There are too many things that London is famous for. From being the seat of the ancient colonizers who began ruling the world, to all the medieval statues laying out the deepest treasures of the land, London has it all!
And the list becomes endless if you start pinpointing all of the aspects this world-city brews to add to its fame. But there’s one element which we’re sure you didn’t pay heed to at first. And that’s gambling. The history of gambling in London isn’t that of mere entertainment, but a tale of tragedy and painful memories.
Writers like Charles Dickens had many of their characters pass through the terrible ordeal of gambling. It even penetrated the room of King Henry VIII as well as the gangster brothers Jack Spot and Kray Twins. Don’t worry; we’ll cover them one by one and tell you all about how all these characters are linked.
The 16th Century: Let’s Start with the King
Well, King Henry was an addicted gambler, and he lacked in his administration capabilities because of that. Moreover, when things started getting out of hand, and his military strength started to falter, he banned the gambler games altogether within his generals and administration. Although, he resumed playing it.
The 17th Century: When Things Got a Bit More Organised
You may have passed over the famous Thomas Neale Street, but do you know who Thomas Neale is? Well, he used to be a gambling groom for James II, William III, and Charles II. Or it would be better to say that Neale ensured that the kings’ table was always filled with dice, cards, and some people who are willing to lose their dough.
In 1684, Charles, the second, granted some more powers to this man and called upon him to raize all the illegal gambling dens. Thomas Neale had a major influence on the life of a 17th-century gambler, and in 1870, King Street was renamed Thomas Neale Street in his honour.
The 18th Century: the Widening Gap in Society
Gambling became quite a big deal in the 1700s when it caused the wide disparity between the rich and the poor, a constant reality not just in London, but the entire country. What came out of this ever-widening gap was the fluidity and permanence of slums.
It was a very common sight those days in London that a young brat suddenly won a lot of money, found himself a good job and left the slum for good. What was equally commonplace was a rich man losing all his money in a single night and replacing that empty slum with his sad, unlucky soul! So, it was a vicious loop that made the game one of the greatest vices of 18th century London.
This made the gambling dens to be called hells, while those slums which did illegal gambling, were called ‘lower hells’.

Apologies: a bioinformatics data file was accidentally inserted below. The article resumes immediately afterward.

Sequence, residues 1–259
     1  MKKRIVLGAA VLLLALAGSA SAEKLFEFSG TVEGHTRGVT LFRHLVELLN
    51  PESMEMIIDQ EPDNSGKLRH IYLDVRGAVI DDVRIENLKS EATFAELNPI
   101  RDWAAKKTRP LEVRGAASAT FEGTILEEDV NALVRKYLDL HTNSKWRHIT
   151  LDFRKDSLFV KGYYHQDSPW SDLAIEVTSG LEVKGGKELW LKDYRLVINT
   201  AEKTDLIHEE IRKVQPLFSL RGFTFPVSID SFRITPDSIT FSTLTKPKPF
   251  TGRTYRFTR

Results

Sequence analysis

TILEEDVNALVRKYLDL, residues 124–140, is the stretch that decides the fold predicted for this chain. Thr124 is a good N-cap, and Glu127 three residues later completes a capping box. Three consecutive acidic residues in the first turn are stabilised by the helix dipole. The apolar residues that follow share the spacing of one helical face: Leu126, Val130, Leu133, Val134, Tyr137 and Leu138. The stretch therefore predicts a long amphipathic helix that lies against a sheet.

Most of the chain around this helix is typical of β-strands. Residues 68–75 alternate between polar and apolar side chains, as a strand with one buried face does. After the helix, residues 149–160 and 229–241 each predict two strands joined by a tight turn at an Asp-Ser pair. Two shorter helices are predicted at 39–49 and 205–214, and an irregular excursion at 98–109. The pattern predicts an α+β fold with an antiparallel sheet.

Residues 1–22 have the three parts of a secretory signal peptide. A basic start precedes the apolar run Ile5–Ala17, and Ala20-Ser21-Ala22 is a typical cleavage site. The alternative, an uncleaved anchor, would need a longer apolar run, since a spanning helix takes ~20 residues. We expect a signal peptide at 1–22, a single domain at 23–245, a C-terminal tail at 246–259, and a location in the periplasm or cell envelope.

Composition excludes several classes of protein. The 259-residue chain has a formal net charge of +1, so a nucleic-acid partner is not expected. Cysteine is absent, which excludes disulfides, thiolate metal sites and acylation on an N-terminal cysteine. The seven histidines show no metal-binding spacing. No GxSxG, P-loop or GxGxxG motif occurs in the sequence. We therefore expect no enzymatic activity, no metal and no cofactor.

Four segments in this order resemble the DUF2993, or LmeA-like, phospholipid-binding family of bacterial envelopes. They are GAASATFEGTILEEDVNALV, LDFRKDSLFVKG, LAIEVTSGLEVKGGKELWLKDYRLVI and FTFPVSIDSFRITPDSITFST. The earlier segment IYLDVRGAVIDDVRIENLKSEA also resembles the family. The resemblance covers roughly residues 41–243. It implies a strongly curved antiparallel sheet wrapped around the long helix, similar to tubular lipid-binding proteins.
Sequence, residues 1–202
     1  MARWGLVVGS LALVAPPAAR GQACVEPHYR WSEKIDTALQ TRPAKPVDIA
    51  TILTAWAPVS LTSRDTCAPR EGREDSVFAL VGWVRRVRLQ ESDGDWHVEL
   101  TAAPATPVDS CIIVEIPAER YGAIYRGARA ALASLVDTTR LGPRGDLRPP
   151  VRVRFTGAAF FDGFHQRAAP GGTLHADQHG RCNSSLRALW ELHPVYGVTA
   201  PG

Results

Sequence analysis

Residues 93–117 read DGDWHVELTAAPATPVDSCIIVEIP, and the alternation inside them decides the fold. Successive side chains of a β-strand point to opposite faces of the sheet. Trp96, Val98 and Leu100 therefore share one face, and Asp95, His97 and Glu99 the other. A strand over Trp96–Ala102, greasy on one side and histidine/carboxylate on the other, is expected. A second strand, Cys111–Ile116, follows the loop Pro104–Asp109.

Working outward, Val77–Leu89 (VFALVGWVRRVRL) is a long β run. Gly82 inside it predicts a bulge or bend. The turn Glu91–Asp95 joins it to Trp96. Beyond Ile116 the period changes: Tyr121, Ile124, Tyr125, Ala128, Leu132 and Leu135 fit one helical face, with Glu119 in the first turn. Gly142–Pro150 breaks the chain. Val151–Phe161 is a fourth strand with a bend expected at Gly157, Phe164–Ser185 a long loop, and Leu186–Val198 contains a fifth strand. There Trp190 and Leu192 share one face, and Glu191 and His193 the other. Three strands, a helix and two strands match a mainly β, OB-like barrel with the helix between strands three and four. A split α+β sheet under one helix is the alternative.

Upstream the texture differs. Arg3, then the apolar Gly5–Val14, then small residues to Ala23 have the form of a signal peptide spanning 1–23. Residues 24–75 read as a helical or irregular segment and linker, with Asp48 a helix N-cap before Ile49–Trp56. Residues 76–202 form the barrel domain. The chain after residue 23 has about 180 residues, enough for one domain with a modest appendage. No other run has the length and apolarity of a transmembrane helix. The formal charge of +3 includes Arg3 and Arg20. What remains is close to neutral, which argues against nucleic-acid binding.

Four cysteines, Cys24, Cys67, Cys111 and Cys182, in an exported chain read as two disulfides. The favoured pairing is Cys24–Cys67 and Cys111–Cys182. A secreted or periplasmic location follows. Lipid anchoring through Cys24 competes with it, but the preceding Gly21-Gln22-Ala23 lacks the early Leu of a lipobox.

The way Dickens saw London
By the time Dickens entered the scene, gambling had become a lot more organised. In 1828, the Duke of Wellington sponsored William Crockford to make a casino. He did and named it after himself. Crockford is London’s oldest casino.
In 1841, Charles Dickens wrote ‘The Old Curiosity Shop’ which led his readers into the world of gambling and introduced his own views on the subject. ‘The Old Curiosity Shop’ is the story of a girl called Nell and her grandfather who struggle so hard to make ends meet through their shop. So, to put the little girl out of her misery, her grandfather takes to gambling and in turn, lands up with terrible debt.
Rattled by this immense debt and hounded by the evil debtor, they run to the Midlands. But Nell, in the end, dies due to exhaustion of the journey, making the novel one of the most heart-rending Victorian stories of all times.
The Famous Story of Gangland Gambling
By the 20th century, gambling had become almost equal to the two famous twins, the Kray Brothers. In the 1950s, Ronnie and Reggie Kray owned a part of a popular casino called Esmeraldo Barn, located in the posh area of Knightsbridge. They made an immense amount of money from gambling which helped them gain a foothold in the industry.
After Reggie was jailed, Ronnie started making his way slowly into the business dealings of the entire web of casinos across London, which was a big cause of worry among businessmen.
He went on to become quite famous, so much so that he even dined at the House of Lords.
After Legalization in the 60s
When gambling became legal in the 60s, pubs started taking in fruit machines, betting on skill-based games such as bridge was as common as dirt, and people were on a wild goose chase.
The Clermont Club, which attracted people like Roger Moore, Peter Sellers, and Princess Margaret, was the first one to get its license.
But this golden period was short-lived as very heavy regulations were imposed by the end of the decade. And by the 1970s, the total number of gambling casinos in London saw a sharp dip in numbers from 1000 to 120.
So, you now know the rich history of gambling and how it determined people’s lives at one point in time. The detailed account of Mell’s lives is proof of what came to pass for people who belonged to the lower rungs of society. And for the rich, gambling has always been about more and more money.